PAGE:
Letty and the Cold Hard Truth (1967)
I nearly lost my life several times as a child,
Mostly due to boredom.
Summers were long in the 1960’s.
Funds were low for one thing,
And mom didn’t drive.
Rosalie had long grown tired of my requests,
To allow me to spike the ball at her repeatedly in our front yard.
I was plagued by confinement,
being still too young to venture outside the neighborhood.
I stared at the roman numerals on our living room clock.
Mom ironed as The Guiding Light unveiled a new scandal.
Reluctantly, I grabbed my bike and headed up our street.
I pedaled past a boy named Mike and skidded to a stop.
Mike held something wonderful in his hands.
“What is THAT!” I beamed.
“Guinea pig” he said, then corrected himself and added ”longhaired”.
“I want him”, I said with surprising confidence.
“It’s a she, and her name is Cinnamon” said Mike walking away.
I followed after, leaving my bike ditched curbside.
Cinnamon was too much to behold.
A ball of soft sleek fur in a dazzling fawn hue.
“Where can I get one?” I demanded. “I have money”.
I envisioned stealing pocket change from my dad,
plus I knew mom’s secret place for stamp money.
I was driven to criminal acts for such a treasure.
As luck would have it, a mama guinea pig had a new litter,
And the fools were GIVING them away.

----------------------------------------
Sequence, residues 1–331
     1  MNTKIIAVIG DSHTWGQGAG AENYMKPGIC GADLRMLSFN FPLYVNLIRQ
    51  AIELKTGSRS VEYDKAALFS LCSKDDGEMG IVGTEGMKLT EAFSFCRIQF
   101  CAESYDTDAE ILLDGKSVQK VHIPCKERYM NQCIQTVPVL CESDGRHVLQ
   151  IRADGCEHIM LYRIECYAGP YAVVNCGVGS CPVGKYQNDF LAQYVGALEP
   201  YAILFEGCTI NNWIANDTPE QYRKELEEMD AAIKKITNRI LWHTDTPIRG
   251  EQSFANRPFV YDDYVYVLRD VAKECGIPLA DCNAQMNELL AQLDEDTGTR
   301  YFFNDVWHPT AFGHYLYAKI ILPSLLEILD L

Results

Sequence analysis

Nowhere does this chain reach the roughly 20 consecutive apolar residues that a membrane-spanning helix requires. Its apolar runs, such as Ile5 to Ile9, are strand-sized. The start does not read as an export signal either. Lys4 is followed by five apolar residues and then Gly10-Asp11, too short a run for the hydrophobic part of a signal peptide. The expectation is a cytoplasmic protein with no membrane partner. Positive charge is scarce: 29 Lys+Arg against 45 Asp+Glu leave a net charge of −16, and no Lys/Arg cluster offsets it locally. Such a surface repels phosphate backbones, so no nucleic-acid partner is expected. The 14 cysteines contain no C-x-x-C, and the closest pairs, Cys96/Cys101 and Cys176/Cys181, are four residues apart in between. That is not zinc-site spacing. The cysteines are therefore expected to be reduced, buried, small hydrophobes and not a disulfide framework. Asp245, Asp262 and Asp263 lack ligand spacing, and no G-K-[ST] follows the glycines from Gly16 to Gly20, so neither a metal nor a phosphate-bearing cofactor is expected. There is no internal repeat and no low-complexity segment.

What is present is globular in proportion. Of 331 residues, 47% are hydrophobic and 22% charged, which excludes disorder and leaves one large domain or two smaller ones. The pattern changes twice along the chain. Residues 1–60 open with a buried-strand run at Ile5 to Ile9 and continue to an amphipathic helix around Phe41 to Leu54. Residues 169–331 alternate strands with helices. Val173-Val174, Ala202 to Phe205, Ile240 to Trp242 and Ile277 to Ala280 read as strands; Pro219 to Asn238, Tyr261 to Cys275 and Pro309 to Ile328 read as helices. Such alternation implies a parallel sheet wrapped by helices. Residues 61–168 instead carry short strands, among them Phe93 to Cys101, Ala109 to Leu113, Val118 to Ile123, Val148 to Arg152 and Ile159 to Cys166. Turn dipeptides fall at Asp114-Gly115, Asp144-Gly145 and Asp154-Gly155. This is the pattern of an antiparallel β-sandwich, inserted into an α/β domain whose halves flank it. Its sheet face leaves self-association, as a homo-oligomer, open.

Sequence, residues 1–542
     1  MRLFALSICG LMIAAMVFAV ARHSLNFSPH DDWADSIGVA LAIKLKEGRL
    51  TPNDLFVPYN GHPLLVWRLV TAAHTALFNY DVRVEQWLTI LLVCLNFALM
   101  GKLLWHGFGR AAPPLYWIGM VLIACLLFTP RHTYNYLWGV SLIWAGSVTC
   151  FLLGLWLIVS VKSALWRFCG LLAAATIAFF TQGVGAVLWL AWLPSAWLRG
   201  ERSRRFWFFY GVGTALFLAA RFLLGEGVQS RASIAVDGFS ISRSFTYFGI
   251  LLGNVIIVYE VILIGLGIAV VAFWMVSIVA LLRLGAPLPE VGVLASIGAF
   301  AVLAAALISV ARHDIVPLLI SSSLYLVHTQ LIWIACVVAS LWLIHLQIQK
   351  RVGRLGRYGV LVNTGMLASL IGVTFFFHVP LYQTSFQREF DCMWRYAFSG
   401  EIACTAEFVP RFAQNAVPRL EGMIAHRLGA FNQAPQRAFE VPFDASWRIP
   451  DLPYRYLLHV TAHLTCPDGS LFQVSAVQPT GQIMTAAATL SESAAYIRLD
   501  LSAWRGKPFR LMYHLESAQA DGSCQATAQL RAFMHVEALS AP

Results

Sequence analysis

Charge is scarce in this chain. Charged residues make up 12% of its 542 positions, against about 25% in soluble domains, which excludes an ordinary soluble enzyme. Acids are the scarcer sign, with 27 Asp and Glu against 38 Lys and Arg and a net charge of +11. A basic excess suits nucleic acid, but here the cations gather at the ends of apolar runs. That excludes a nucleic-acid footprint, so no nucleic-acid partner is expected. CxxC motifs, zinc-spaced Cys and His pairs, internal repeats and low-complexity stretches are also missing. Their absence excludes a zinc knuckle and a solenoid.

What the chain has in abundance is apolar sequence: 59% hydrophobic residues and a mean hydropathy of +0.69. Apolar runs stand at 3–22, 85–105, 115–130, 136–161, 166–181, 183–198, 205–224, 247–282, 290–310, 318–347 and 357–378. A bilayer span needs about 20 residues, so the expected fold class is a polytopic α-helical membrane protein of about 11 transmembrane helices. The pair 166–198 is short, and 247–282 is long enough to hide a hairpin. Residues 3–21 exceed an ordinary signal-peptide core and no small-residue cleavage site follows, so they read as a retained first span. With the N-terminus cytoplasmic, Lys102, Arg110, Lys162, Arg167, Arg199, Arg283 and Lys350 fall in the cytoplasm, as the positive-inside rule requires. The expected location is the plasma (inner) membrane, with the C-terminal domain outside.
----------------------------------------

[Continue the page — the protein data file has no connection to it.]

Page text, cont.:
I chose mine swiftly, and named her Letty,
Because she was fond of lettuce.
Besides, all the cool names
Like Elvis or Paige had been taken.
Letty was my constant companion,
my bike and Barbies now exiled to the garage.
Sadly, Letty only lived for several months.
I was crushed.
My older brother, Richard found me lying on my bed,
Holding Letty gingerly and weeping like one who lost her best friend.
“If you like, I can do an autopsy” Richard offered kindly,
As my brother had some veterinary training.
“Noooooo”, I wailed. “No knife will pierce my darling Letty!”
I hid in my parent’s closet, consoling myself for a good long time.
Later I stole a fancy handkerchief from my folks’ dresser,
to wrap Letty’s lifeless body, then I buried her in our front yard.
Many weeks later pretty weeds and wildflowers sprung where Letty lay.
I was delighted, as this was surely a sign from God or the Blessed Mother!
My brother Felix however, stated it was because Letty’s rotting carcass,
Was actually marvelous fertilizer for the soil.
He had a good point.